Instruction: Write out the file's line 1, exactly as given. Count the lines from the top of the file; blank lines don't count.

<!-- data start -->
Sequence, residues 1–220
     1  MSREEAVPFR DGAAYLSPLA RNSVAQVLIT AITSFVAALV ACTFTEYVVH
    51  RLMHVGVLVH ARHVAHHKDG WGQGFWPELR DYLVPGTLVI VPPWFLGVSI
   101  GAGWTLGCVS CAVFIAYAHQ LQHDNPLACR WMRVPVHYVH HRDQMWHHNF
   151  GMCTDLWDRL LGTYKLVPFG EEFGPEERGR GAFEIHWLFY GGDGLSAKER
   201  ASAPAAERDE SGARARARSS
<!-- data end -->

Sequence, residues 1–220